05 June 2023

Scientists have discovered a method of growing haematopoietic stem cells (HSCs) that uses chemically-defined reagents, and avoids the use of cytokines, which they believe may transform stem cell transplantations and other HSC-based therapies.

Professor Satoshi Yamazaki of the University of Tsukuba, Japan, and colleagues looked for an alternative to using cytokines and serum albumin for sustaining HSCs outside of the body.

The team created a culture system allowing the growth of human HSCs, replacing cytokines and albumin with specific chemical compounds, and a polymer similar to nylon.

Publishing their research in Nature, the team explain that: “The limited extent to which human haematopoietic stem cells can be expanded ex vivo remains a substantial barrier to the wider and safer therapeutic use of haematopoietic stem cell transplantation.”

Their method was “sufficient to stimulate the expansion of umbilical cord blood haematopoietic stem cells”.

“Our chemically defined expansion culture system will help to advance clinical haematopoietic stem cell therapies,” they add.

Professor Yamazaki said: “Other teams have shown promising results using novel approaches for haematopoietic stem cell ex vivo expansion, including the addition of small molecules, certain hydrogels, various growth factors, or small molecule inhibitors to the cell culture media”.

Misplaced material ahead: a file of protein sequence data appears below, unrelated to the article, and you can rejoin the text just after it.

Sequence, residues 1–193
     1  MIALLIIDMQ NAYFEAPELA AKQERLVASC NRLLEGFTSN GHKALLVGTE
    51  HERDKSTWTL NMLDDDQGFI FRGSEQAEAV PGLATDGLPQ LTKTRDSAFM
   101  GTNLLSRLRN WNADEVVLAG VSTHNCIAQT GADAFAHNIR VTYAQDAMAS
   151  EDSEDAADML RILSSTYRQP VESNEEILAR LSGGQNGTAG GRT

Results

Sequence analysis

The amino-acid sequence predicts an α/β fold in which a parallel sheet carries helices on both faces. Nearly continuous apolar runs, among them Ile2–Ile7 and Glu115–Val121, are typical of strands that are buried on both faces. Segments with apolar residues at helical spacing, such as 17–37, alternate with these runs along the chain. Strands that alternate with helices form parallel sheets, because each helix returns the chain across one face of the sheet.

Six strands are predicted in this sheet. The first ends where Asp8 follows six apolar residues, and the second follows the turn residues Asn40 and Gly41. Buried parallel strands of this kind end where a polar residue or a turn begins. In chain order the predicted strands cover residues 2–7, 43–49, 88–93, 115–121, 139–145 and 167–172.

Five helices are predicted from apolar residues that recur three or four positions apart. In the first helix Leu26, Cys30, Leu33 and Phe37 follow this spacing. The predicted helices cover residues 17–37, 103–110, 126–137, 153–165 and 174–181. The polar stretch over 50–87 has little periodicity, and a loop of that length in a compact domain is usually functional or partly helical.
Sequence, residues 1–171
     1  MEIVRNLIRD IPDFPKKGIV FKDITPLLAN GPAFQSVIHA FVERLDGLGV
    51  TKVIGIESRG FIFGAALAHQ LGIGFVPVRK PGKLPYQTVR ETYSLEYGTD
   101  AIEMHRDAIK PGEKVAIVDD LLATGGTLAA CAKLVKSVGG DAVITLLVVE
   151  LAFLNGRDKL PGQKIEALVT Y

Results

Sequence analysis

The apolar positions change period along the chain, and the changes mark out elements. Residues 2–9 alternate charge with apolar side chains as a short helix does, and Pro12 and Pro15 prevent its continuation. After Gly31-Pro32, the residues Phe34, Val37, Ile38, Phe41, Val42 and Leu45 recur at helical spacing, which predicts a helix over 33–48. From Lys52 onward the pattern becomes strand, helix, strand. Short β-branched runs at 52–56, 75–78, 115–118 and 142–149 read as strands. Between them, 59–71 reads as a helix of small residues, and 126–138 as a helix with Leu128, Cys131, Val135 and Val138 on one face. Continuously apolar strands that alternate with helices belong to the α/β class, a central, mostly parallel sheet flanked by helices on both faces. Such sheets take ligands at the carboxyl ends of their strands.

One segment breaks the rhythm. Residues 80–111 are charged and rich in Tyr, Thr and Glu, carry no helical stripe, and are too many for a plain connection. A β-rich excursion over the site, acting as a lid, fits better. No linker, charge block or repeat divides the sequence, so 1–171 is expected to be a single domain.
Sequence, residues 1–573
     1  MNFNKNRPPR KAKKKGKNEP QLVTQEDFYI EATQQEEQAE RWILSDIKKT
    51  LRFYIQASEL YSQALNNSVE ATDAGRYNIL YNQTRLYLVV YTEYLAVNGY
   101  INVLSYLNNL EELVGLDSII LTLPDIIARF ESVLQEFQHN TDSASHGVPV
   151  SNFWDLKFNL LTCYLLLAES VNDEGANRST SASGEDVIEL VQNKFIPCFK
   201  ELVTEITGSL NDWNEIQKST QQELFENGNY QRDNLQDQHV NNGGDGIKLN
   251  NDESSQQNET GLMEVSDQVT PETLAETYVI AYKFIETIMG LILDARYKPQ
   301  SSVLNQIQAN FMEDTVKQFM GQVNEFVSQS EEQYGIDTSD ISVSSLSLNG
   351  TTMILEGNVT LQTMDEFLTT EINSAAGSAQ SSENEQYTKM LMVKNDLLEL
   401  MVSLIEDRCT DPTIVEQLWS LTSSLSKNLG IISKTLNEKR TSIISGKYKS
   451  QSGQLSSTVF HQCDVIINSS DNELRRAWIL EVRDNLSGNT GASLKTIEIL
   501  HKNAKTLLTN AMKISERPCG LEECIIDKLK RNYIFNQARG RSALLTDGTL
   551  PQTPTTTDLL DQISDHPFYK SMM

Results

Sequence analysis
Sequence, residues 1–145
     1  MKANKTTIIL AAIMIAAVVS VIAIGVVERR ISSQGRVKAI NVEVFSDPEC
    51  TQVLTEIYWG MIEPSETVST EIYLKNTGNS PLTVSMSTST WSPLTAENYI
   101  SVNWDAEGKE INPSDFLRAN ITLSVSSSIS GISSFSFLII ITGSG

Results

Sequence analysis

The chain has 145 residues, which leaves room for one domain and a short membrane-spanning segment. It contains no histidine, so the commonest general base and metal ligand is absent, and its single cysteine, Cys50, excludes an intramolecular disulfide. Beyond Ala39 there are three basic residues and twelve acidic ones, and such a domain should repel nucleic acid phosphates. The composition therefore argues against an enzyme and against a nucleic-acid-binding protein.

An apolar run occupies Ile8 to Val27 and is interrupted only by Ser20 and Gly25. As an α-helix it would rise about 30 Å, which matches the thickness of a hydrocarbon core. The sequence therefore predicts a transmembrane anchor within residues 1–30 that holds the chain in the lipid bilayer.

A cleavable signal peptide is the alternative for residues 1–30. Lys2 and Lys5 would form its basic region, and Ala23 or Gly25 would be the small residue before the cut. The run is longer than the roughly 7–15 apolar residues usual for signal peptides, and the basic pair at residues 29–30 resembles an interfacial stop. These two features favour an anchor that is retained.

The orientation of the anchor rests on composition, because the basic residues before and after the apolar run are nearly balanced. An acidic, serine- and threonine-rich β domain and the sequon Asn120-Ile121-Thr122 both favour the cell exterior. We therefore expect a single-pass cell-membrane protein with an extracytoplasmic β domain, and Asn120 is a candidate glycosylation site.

HSCs generated using their new method were tested with RNA sequencing, confirming that the cells generated were indeed HSCs capable of long-term engraftment. They also showed their method was able to expand HSC clones from single cells, which could engraft in mice bone marrow.

These findings may play a role in future haematopoietic stem cell therapies, the team believes.


Sakurai M, Ishitsuka K, Ito R, Wilkinson AC, Kimura T, Mizutani E, Nishikii H, Sudo K, Becker HJ, Takemoto H, Sano T, Kataoka K, Takahashi S, Nakamura Y, Kent DG, Iwama A, Chiba S, Okamoto S, Nakauchi H, Yamazaki S. (2023) “Chemically defined cytokine-free expansion of human haematopoietic stem cells.” Nature, doi: 10.1038/s41586-023-05739-9

Link: https://www.nature.com/articles/s41586-023-05739-9

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